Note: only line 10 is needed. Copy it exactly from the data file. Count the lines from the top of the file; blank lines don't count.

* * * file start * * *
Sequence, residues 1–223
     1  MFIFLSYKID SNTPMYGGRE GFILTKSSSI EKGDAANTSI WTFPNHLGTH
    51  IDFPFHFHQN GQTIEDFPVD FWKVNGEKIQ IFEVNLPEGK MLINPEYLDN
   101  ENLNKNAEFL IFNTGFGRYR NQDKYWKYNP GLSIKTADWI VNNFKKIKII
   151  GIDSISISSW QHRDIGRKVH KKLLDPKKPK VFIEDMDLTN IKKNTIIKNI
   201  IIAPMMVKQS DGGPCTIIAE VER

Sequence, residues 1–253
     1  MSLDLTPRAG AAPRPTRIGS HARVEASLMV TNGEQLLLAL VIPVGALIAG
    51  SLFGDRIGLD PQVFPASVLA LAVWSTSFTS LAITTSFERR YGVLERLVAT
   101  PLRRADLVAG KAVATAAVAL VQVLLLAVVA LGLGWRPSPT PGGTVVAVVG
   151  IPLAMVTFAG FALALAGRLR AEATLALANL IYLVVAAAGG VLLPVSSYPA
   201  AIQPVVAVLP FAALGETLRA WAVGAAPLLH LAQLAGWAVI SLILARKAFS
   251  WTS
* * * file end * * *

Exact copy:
   101  PLRRADLVAG KAVATAAVAL VQVLLLAVVA LGLGWRPSPT PGGTVVAVVG